Photo: Jonathan Blanc / NYPL.

Max Beerbohm: The Price of Celebrity offers an insightful exploration of the ever-evolving concept of celebrity and the profound impact it had on the artist and society as a whole 

The captivating work of Max Beerbohm, the English artist and author noted for his satirical celebrity caricatures, comes to life in an exciting new exhibition at The New York Public Library’s iconic 42nd Street building. Open now, Max Beerbohm: The Price of Celebrity maps Beerbohm’s illustrious career during the turn of the 20th century, addressing the concept of fame and tracing the trajectory from his early days mingling in the vibrant social and artistic circles of Oscar Wilde to his later years as a celebrated radio performer during World War II on BBC broadcasts.

The late 1800s witnessed the rise of the international celebrity industry with Max Beerbohm (1872–1956) occupying a prominent position at its epicenter. Throughout the period spanning the 1890s to the 1920s, being a celebrity implied the prospect—and apprehension—of being featured in one of Beerbohm’s famous drawings or satirical parodies. Renowned for his brilliant skewering of notable personalities through visual caricatures and his sharp critique of their writing styles in his satirical works, Max Beerbohm transformed into a celebrity in his own right. 

“The British writer, artist, and dandy Sir Max Beerbohm (1872–1956) has a lot to teach us about how to live in a world dominated by celebrity culture. Max Beerbohm: The Price of Celebrity at the New York Public Library shows him using works of visual art and satirical writings to laugh at those longing for fame and also at those who achieved it. He turned even the most important figures of his day–from Oscar Wilde and Henry James to Virginia Woolf—into material for wicked caricatures and parodies, although many were also his friends. But his greatest and most endearing talent was for making fun of himself and his own celebrity status. We want audiences to be amused by his wit, to admire his genius, and to think about the serious issues behind his comedy,” said the co-curators, Margaret D. Stetz, Mae and Robert Carter Professor of Women’s Studies at the University of Delaware, and Mark Samuels Lasner, Senior Research Fellow, University of Delaware Library, Museums and Press.

Drawing upon an impressive array of artifacts sourced from the Library’s extensive collections, as well as rare loans from private and institutional collections, the exhibition offers visitors a unique opportunity to engage with never-before-seen original caricature drawings, manuscripts, photographs, personal items, and books from Beerbohm’s personal library. Highlights of the exhibition include: 

  • Over thirty original caricatures, including literary titans Virginia Woolf, Oscar Wilde, and H.G. Wells; acclaimed artists John Singer Sargent, James McNeill Whistler, and Aubrey Beardsley; and royalty –  Queen Victoria. 
  • Max Beerbohm’s personal items, including his walking stick; drawing pad and pen; cigarettes and matches; the diary he kept with his wife Florence Kahn; and five books from his library.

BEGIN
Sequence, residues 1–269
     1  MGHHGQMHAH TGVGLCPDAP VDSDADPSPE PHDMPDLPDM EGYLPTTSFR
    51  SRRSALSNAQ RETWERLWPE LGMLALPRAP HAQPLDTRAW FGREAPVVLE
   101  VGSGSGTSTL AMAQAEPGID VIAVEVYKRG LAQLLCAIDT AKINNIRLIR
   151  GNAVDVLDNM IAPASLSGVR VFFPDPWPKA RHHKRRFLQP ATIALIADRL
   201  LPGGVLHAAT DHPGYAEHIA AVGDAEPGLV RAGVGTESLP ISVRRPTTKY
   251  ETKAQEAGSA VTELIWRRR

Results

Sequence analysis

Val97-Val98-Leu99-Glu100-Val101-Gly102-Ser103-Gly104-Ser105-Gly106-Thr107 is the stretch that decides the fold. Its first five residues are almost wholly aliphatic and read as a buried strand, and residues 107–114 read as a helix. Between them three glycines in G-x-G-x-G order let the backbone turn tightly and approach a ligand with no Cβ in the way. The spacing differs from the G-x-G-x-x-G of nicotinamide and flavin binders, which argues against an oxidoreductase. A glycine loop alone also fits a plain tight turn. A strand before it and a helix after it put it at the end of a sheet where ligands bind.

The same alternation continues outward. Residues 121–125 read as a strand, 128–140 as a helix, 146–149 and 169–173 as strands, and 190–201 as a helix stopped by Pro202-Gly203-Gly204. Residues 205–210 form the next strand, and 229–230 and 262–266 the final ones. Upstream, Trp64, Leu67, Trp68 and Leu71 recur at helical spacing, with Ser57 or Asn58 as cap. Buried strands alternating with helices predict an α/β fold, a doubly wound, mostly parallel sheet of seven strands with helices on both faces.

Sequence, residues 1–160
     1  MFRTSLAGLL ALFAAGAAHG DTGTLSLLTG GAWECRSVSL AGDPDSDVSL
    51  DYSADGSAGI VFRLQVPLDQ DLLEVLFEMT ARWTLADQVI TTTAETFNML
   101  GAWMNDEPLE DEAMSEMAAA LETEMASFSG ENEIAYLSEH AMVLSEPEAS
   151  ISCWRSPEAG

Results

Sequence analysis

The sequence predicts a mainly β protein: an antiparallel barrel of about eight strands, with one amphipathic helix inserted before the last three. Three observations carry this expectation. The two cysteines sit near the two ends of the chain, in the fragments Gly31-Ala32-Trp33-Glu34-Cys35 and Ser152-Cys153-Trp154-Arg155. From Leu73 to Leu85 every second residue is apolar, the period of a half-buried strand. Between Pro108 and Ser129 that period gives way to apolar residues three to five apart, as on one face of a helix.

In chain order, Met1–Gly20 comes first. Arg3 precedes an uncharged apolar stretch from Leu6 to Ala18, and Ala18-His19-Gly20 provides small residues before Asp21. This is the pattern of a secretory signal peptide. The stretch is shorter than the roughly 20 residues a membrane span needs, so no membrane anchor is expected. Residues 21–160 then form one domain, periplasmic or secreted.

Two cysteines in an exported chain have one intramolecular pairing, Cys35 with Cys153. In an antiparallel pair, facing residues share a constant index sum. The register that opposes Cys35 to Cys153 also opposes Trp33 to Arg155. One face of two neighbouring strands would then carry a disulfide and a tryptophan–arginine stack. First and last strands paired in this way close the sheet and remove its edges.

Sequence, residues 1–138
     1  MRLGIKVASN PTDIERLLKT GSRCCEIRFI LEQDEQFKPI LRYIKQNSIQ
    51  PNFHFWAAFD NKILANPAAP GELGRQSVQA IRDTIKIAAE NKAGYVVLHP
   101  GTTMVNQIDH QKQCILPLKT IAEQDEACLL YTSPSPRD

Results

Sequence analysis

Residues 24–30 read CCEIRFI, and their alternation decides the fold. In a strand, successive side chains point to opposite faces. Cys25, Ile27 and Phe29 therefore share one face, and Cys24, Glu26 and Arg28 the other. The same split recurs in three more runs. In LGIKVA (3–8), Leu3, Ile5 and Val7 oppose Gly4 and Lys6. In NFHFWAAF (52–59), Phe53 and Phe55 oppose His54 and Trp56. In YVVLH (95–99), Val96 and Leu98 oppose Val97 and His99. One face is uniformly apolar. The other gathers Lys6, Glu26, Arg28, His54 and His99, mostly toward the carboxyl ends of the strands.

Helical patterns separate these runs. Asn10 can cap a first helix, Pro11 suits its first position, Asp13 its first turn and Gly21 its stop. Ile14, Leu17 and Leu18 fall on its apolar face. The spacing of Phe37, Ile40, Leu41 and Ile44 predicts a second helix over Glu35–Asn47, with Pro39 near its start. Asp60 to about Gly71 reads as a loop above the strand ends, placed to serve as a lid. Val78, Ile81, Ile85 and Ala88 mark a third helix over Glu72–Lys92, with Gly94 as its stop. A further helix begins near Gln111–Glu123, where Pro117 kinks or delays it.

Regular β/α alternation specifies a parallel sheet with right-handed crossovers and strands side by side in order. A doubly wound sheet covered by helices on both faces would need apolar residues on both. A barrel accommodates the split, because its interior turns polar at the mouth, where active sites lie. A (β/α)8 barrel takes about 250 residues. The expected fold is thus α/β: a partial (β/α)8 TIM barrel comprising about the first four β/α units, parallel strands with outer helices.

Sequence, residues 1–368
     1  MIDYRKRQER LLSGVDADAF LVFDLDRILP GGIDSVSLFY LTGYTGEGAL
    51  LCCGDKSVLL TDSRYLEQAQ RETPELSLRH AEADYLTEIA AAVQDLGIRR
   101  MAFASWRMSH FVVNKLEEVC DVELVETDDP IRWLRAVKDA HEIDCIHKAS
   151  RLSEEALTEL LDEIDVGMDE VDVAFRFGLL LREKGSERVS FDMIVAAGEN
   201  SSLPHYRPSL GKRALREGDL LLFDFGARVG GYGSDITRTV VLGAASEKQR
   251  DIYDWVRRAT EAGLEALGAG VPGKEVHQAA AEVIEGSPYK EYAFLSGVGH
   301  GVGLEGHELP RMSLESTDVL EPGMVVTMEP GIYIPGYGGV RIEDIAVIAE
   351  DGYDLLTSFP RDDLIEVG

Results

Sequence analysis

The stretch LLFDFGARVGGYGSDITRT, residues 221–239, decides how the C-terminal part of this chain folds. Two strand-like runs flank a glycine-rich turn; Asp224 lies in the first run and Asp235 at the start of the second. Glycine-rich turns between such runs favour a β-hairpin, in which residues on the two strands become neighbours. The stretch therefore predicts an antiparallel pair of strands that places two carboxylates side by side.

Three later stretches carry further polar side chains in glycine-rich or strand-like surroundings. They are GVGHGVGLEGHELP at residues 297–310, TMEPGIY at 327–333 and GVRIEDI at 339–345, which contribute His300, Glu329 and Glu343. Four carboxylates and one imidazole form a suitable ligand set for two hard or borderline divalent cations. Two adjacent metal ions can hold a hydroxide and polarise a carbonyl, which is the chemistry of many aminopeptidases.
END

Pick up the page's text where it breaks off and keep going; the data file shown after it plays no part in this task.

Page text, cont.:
• Six books “improved” by Max Beerbohm with drawings and notes – including his personal copy of his only novel Zuleika Dobson.
  • Tributes to Max Beerbohm’s lasting legacy by modern celebrities: Cecil Beaton, Gerald Scarfe, David Levine, S.N. Behrman, and J.R.R. Tolkien. 

“In his own time Beerbohm was admired for his ‘velvet-pawed malice towards his contemporaries,’ and we think that visitors today will be equally enchanted by his caricatures of the famous on view in this exhibition,” said Declan Kiely, Director of Exhibitions and Special Collections. “Beerbohm’s visual legacy, more droll and irreverent than derisive or vindictive, remains clearly discernible today in the caricatures featured in The New York Review of Books and other major literary and political journals published on both sides of the Atlantic.”  

Max Beerbohm: The Price of Celebrity is curated by Margaret D. Stetz, the Mae and Robert Carter Professor of Women’s Studies and Professor of Humanities at the University of Delaware, and Mark Samuels Lasner, Senior Research Fellow at the University of Delaware Library, Museums, and Press, with the assistance of Julie Carlsen, the Library’s Assistant Curator of the Henry W. and Albert A. Berg Collection of English and American Literature.

Support for The New York Public Library’s Exhibitions Program has been provided by Celeste Bartos, Sue and Edgar Wachenheim III, Mahnaz Ispahani Bartos and Adam Bartos Exhibitions Fund, and Jonathan Altman. 

About The New York Public Library

For over 125 years, The New York Public Library has been a free provider of education and information for the people of New York and beyond. With over 90 locations—including research and branch libraries—throughout the Bronx, Manhattan, and Staten Island, the Library offers free materials, computer access, classes, exhibitions, programming and more to everyone from toddlers to scholars. The New York Public Library receives approximately 16 million visits through its doors annually and millions more around the globe who use its resources at To offer this wide array of free programming, The New York Public Library relies on both public and private funding. Learn more about how to support the Library at 

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